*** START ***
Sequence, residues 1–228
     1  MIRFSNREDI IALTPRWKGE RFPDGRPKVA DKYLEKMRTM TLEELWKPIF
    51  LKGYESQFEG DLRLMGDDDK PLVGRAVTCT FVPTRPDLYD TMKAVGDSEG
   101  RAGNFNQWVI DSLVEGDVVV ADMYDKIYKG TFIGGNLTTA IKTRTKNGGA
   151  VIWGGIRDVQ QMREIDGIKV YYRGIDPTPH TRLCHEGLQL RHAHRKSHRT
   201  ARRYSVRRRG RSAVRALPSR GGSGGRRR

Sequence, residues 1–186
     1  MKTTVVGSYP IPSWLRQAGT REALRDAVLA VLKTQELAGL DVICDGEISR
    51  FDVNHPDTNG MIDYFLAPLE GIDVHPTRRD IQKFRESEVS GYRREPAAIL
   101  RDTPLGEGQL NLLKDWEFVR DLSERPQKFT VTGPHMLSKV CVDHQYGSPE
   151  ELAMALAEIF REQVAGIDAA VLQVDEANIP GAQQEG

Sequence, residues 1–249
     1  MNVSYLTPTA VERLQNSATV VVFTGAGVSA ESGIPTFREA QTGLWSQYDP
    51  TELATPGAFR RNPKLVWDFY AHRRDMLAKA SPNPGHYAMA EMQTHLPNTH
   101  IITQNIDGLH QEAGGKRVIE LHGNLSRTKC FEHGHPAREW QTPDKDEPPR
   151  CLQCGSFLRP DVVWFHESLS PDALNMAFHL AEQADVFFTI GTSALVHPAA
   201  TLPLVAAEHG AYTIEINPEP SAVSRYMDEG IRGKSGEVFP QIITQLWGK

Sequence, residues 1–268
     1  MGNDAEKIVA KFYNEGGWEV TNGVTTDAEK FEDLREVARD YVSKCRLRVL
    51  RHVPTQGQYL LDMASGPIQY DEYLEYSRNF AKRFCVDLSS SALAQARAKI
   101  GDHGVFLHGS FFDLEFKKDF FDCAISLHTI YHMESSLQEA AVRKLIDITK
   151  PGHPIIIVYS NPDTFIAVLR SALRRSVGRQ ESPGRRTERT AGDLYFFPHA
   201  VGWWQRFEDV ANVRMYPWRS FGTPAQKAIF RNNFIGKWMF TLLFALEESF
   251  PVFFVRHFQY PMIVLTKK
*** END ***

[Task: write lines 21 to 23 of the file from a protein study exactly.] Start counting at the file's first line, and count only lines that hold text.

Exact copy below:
   101  GDHGVFLHGS FFDLEFKKDF FDCAISLHTI YHMESSLQEA AVRKLIDITK
   151  PGHPIIIVYS NPDTFIAVLR SALRRSVGRQ ESPGRRTERT AGDLYFFPHA
   201  VGWWQRFEDV ANVRMYPWRS FGTPAQKAIF RNNFIGKWMF TLLFALEESF